Mar 27, 2024 - News

San Francisco workers consider strike

workers hold up signs

San Francisco Human Services Agency workers rallying last week for better staffing. Photo: Courtesy of SEIU Local 1021

City workers, who are in labor negotiations with the city, say they are not ruling out a strike.

Why it matters: Members of a coalition of unions that represents more than 25,000 San Francisco city workers say a strike may be necessary to ensure city departments are properly staffed and workers are supported.

  • These workers are responsible for a variety of city operations, including health care, 911 dispatch and social work.

What they're saying: "Any potential strike really is a last resort to protect public services," Bianca Polovina, president of International Federation of Professional and Technical Engineers (IFPTE) Local 21, told Axios.

  • Polovina and city employees argue that San Francisco relies too heavily on contractors for essential city services and should instead prioritize staffing city departments with full-time employees.
  • If the city was staffed appropriately, "we would not need to contract out as much as we do," Polovina said.

Context: San Francisco had a nearly 14% vacancy rate for permanent city jobs from July 1, 2022 to June 30, 2023, according to a civil grand jury report.

  • Currently, about 3,200 full-time positions in the city are vacant, representing a 9% vacancy rate, according to Jack Hebb, a spokesperson for the Department of Human Resources.
  • That number has resulted in workers "pretty much doing two to three different jobs," Alejandra Calderon, who's worked for the city's Human Services Agency for almost 13 years, told Axios.
  • "It's just not sustainable," said Calderon, who's part of Service Employees International Union 1021. "We are all really, completely burned out."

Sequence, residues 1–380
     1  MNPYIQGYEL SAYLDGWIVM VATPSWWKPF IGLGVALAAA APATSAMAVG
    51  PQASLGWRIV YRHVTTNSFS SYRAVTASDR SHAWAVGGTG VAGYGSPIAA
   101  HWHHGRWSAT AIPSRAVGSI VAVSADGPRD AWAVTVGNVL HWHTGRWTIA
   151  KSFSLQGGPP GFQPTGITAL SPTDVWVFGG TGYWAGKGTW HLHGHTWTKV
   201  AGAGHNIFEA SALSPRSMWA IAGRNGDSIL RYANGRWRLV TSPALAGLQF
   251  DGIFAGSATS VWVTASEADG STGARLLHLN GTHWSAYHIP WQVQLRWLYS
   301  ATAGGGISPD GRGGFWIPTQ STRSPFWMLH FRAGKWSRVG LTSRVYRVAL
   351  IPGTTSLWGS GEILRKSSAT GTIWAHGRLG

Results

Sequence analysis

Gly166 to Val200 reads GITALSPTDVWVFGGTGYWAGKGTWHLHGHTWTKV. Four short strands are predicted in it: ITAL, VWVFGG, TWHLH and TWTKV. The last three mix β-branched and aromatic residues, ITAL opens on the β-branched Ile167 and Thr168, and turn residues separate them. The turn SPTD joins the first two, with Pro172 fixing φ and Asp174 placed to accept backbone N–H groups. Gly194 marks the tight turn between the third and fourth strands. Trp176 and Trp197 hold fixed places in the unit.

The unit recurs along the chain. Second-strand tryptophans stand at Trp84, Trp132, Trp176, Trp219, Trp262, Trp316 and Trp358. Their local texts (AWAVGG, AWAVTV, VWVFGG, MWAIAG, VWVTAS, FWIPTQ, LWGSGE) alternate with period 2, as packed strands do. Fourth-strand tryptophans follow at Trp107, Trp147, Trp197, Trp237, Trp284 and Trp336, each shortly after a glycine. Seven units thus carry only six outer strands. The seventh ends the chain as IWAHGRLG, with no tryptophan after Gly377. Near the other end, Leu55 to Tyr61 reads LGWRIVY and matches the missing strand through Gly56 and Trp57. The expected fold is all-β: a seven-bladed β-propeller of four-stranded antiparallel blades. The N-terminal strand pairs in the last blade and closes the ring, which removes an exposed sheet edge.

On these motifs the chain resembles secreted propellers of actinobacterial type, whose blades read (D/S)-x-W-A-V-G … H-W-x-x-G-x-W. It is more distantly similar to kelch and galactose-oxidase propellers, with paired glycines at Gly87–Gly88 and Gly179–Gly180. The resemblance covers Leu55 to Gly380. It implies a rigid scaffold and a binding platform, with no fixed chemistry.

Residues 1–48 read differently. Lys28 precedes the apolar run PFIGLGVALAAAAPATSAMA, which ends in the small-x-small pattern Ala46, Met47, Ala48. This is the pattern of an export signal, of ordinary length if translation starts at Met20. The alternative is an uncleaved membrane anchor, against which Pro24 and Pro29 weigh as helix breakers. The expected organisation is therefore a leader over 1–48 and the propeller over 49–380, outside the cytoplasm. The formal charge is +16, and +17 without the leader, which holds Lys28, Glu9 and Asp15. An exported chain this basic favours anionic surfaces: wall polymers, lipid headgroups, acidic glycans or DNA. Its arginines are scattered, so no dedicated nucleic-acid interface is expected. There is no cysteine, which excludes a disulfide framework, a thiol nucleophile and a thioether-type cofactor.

Of note: Polovina said the city has already rejected IFPTE's staffing proposal, which sought a commitment from San Francisco to invest in full-time, permanent jobs in city departments.

  • The proposal, reviewed by Axios, sought several agreements from the city — including filling all budgeted vacancies to a targeted vacancy rate of 5% in the public health, public works and homelessness departments, as well as 911 dispatch by Jan. 1, 2025.

The other side: Hebb would not confirm or deny whether the city rejected IFPTE's staffing proposal, telling Axios via email that the city doesn't comment on ongoing negotiations.

Between the lines: San Francisco is facing a looming budget deficit over the next few years, and Mayor London Breed in December ordered mid-year budget cuts totaling $75 million and instructed departments to plan for 10% cuts in each of the next two years, the San Francisco Examiner reports.

What to watch: Many unions began negotiations with the city in January ahead of their current contracts expiring on June 30.

Editor's note: This story has been updated to reflect the city's current vacancy rate for permanent full-time jobs.


Get more local stories in your inbox with Axios San Francisco.


Support local journalism by becoming a member.

Learn more

More San Francisco stories

No stories could be found

San Franciscopostcard

Get a free daily digest of the most important news in your backyard with Axios San Francisco.


Support local journalism by becoming a member.

Learn more